The Department of Agriculture, Forestry and Fisheries appears to have adopted a concerning stance on the requirements of the Marine Living Resources Act regarding the licensing of vessels entering South African waters. The policy affects reefer vessels in particular and owners are advised to pay attention to this development.
Among other things, the act requires that every foreign-flagged fishing vessel entering the South African exclusive economic zone apply for and obtain a fishing permit. A ‘fishing vessel’ is defined in the act as any vessel, boat, ship or other craft which is used for, equipped to be used for or of a type that is normally used for fishing or related activities, and includes all gear, equipment, stores, cargo and fuel onboard. Further, the term ‘related activities’ is defined as including:
- storing, buying, selling, transshipping, processing or transporting fish or any fish product taken from South African waters up to the time it is first landed or in the course of high seas fishing;
- storing, buying, selling or processing fish or any fish product onshore from the time it is first landed;
- refuelling or supplying fishing vessels, selling or supplying fishing equipment or performing any other act in support of fishing;
- exporting and importing fish or any fish product; and
- providing agency, consultancy or other similar services for and in relation to fishing or a related activity.
It is a criminal offence to undertake fishing or related activities without the requisite licence. The penalties for contravention include a number of measures which may be taken by a fishery control officer, such as seizure of the vessel concerned or the arrest of anyone whom the fishery control officer has reasonable grounds to suspect has committed an offence in terms of the act.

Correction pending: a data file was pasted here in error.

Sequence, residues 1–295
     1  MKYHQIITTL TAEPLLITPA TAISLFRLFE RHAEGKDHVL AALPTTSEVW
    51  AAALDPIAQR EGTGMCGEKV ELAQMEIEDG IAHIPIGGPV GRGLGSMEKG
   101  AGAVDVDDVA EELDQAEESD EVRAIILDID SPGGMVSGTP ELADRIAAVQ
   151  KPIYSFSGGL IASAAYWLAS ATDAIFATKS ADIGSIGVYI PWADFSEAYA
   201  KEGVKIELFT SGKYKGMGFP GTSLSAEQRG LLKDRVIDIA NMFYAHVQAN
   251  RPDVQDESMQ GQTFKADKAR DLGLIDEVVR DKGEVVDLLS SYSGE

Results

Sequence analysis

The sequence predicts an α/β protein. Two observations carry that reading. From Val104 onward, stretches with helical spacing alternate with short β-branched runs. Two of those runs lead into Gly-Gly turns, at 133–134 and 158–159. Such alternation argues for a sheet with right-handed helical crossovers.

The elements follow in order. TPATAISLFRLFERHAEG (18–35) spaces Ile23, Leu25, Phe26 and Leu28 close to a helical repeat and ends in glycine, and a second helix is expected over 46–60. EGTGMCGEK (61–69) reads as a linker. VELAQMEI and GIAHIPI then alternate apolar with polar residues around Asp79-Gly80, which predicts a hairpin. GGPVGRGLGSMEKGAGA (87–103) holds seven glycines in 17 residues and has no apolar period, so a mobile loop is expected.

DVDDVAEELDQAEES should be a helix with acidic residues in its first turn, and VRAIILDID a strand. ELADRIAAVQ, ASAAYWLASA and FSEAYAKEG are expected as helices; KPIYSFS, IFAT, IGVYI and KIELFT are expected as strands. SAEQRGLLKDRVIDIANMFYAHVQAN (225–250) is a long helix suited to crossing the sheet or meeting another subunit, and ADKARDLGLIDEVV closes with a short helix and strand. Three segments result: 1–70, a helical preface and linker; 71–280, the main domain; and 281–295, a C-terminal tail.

The act seems to be sufficiently clear; what is concerning is the manner in which fishery control officers are implementing it. For example, in a recent case the fishery control officers in Cape Town conducted a raid in the port and seized a reefer vessel which had called for medical assistance to a crew member and undertook subsequent repairs, on the grounds that the vessel had no fishing licence onboard. There was no suggestion by the officers that the vessel was actually engaged in fishing or related activities. Instead, the officers’ view was that an offence had been committed by the mere fact that the vessel was capable of carrying fish and had entered the South Africa exclusive economic zone without a fishing permit. On a plain reading of the act, no criminal offence had been committed on the facts of the case. The reasonable inference is that the fishery control officers had acted outside the scope of the act.
Perhaps the most worrying aspect was that, in the face of a legal challenge to the seizure notice, the fishery control officers took it upon themselves to arrest the master of the vessel with the assistance of the South African Police Services at 7:00pm before the vessel was due to depart, so that the master might be prosecuted in the magistrates’ court under the act unless he paid an admission of guilt fine.
The extent to which actions of this nature by the department will continue is unknown, but until the fishing industry or lobby groups can get a clear understanding of the department’s policy, it is advisable for reefer owners (in particular) to canvass the issue with their local port agents well in advance of calling at South Africa. Source: Bowman Gilfillan